Ortopla Walker

Behounek, G., Han, H. L. & Kononenko, V. S., 2013, Revision of the genus Ortopla Walker, [1859] with description of two new species from Southeast Asia (Lepidoptera, Noctuidae, Pantheinae). Revision of Pantheinae, contribution X, Zootaxa 3746 (2), pp. 240-256: 241-242

publication ID

http://dx.doi.org/10.11646/zootaxa.3746.2.2

publication LSID

lsid:zoobank.org:pub:219D424C-8BAE-4A81-9976-305B97A41254

persistent identifier

http://treatment.plazi.org/id/155C87A9-FFC4-D256-FF7E-FB43B4D5FD92

treatment provided by

Plazi

scientific name

Ortopla Walker
status

 

Genus Ortopla Walker  , [1859] 1858

Ortopla Walker  , [1859] 1858, List of the Specimens of lepidopterous Insects in the Collection of the British Museum 16: 156. Type-species: Ortopla iarbasalis Walker  , [1859] 1858, ibidem 16: 157, by monotypy. Lectotype: male, Borneo: Sarawak (OUMNH, Oxford), designated (as type) by Swinhoe, 1900, Catalogue of Eastern and Australian Lepidoptera Heterocera  in the collection of the Oxford University Museum 2: 122.

= Oromena  Moore, 1882 in Hewitson & Moore, Description of new Indian Lepidopterous Insects from the Collection of the Late Mr W.S. Atkinson: 160. Type-species: Briada relinquenda Walker, 1858  , List of the Specimens of lepidopterous Insects in the Collection of the British Museum 15: 1802, by original designation, but cited by Moore as B. reliquenda  , an incorrect subsequent spelling. Holotype female, [ India: North Hindustan (BMNH)].

= Koptoplax  Hampson, 1891, Illustrations of Typical Specimens of Lepidoptera Heterocera  in the Collection of the British Museum 8: 33, 126. Type-species: Koptoplax lindsayi Hampson, 1891  , ibidem 8: 33, 127, pl. 154, fig. 17, by monotypy. Type (s), India: Nilgiri distr., South slopes (BMNH).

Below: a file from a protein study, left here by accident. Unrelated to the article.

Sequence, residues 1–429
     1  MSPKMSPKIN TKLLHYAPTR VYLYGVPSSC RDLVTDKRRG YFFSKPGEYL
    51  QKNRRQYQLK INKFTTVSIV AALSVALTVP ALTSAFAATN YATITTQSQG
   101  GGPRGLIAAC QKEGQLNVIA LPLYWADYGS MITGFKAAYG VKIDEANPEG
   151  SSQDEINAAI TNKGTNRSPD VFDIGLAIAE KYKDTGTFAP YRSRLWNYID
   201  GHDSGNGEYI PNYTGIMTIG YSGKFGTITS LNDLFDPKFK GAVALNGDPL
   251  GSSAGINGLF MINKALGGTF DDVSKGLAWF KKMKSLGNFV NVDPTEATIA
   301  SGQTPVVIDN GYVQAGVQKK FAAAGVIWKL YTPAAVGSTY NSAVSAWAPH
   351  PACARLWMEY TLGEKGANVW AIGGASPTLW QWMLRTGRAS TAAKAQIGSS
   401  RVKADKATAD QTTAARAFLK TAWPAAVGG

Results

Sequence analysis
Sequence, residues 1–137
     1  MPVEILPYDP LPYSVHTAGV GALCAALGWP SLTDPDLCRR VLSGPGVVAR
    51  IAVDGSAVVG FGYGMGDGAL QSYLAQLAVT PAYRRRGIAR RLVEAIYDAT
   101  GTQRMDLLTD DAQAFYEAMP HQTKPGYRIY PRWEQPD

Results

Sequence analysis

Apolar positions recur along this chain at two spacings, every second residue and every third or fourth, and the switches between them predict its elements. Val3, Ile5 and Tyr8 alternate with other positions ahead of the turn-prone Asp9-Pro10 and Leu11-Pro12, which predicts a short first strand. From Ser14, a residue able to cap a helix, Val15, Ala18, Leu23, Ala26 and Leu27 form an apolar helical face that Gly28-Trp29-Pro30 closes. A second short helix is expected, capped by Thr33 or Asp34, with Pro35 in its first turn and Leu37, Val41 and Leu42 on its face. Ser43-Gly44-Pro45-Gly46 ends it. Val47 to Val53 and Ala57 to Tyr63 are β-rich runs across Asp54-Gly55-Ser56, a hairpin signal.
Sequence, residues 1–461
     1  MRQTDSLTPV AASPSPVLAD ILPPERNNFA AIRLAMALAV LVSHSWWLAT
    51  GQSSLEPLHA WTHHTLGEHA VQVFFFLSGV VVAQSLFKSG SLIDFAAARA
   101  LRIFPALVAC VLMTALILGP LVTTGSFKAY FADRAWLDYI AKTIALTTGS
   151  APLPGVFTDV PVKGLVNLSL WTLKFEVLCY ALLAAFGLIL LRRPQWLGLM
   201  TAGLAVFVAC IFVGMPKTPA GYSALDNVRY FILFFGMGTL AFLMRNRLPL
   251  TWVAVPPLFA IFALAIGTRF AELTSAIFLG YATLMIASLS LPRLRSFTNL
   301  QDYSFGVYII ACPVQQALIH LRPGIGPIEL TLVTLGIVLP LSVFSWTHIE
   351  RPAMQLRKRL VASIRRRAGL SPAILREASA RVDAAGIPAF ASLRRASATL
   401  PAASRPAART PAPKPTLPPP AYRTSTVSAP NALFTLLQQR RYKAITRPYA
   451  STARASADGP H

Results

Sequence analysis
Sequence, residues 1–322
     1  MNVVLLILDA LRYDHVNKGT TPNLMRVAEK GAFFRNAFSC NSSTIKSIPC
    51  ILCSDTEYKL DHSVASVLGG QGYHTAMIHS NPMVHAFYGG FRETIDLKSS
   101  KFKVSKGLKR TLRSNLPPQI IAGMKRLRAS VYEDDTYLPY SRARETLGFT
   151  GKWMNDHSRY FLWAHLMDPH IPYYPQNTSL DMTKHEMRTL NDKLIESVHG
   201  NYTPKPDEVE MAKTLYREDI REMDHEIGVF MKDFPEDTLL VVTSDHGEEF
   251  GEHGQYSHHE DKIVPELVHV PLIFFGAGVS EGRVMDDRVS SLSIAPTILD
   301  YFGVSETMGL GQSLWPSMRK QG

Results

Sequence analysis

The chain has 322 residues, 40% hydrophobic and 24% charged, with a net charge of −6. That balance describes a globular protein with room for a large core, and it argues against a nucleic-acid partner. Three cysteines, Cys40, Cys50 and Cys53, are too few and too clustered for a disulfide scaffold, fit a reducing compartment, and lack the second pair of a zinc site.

References: Nye 1975: 354; Poole 1989: 745; Holloway, 2009: 7, 2011: 266. Note: The genus Ortopla  was not included in Hampson’s Noctuidae Catalogue  (Hampson 1903–1913) nor in Seitz’s Oriental Noctuidae Atlas  (Warren 1911–1913).

Diagnosis. Medium sized moths, wingspan 40–57 mm. Frons smooth, rounded. Eyes large, rounded, without hairs, surrounded with lashes. Proboscis fully developed. Antennae of male strongly fasciculate, densely ciliated, those of the female less fasciculate, ciliated. Labial palps large, upcurved, in male covered with dense hairs; their shape variable in different species, in some species female palps larger than those of male. Vein M 2 in hindwing present, arising from middle of cell. Legs with three regular rows of setae. Forewing large, triangular, in males of two species ( O. iarbasalis  and O. lindsayi  ) with prominent angled triangular extension on middle of costa. Those two species and O. nulliusinverba  are sexually dimorphic: the female differs from the male by wing pattern. In other species sexual dimorphism is also expressed in the shape of the antennae and more contrasting wing pattern in female. Forewing colouration brown or grey-brown; wing pattern characteristic for the genus, formed by darkbrown waved or dentate lines. Hindwing yellowish-brown or yellowish grey suffused with dark, with medial band, broad terminal band and prominent tornal mark. Foretibia strongly tufted. In the male genitalia uncus strong, massive; scaphium massive, heavily sclerotised, terminating in a circular excavation opposite subscaphial area of sclerotisation. Tegumen twice long as vinculum, paratergal sclerites plate-like, indistinct; juxta inverted shield-like or triangular arrow or plate-like; valva simple, without processes, with narrow sacculus and parallel margins, apically rounded. Aedeagus with tubular tapering vesica, bearing patch or fine scobination medially. Female genitalia simple: ovipositor quadrangular; apophyses anteriores equal or half of the length of the posteriores ones, both pairs thin, weak; antrum weakly sclerotised; ductus bursae relatively long, tubular, membranous; corpus bursae sack-like, membranous.

Distribution. The genus includes seven species distributed exclusively in the Oriental region from India and Sri Lanka to Southwest China, Malaysia, Indonesia and Philippines.